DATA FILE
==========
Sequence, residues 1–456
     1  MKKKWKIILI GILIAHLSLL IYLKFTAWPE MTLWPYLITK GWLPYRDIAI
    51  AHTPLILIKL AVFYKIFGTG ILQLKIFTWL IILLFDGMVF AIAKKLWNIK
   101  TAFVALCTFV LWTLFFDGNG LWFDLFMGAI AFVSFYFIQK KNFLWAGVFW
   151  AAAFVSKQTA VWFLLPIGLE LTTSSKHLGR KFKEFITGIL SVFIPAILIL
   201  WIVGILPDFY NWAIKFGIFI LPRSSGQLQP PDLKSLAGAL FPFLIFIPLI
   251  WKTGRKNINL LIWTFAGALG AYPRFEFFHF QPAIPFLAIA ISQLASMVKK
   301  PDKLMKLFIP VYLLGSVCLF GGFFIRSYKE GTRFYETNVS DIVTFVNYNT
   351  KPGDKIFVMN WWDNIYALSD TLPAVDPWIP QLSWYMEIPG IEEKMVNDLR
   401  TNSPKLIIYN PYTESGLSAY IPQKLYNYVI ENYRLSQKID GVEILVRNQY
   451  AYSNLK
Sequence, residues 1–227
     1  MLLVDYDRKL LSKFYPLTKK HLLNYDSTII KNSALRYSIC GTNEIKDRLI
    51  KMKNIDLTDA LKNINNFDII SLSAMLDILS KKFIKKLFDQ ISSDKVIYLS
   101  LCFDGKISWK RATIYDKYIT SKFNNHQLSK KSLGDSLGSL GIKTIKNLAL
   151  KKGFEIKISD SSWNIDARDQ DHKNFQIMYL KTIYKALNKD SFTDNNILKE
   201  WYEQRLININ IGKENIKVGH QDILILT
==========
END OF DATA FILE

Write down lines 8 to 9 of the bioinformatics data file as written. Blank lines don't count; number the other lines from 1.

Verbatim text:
   301  PDKLMKLFIP VYLLGSVCLF GGFFIRSYKE GTRFYETNVS DIVTFVNYNT
   351  KPGDKIFVMN WWDNIYALSD TLPAVDPWIP QLSWYMEIPG IEEKMVNDLR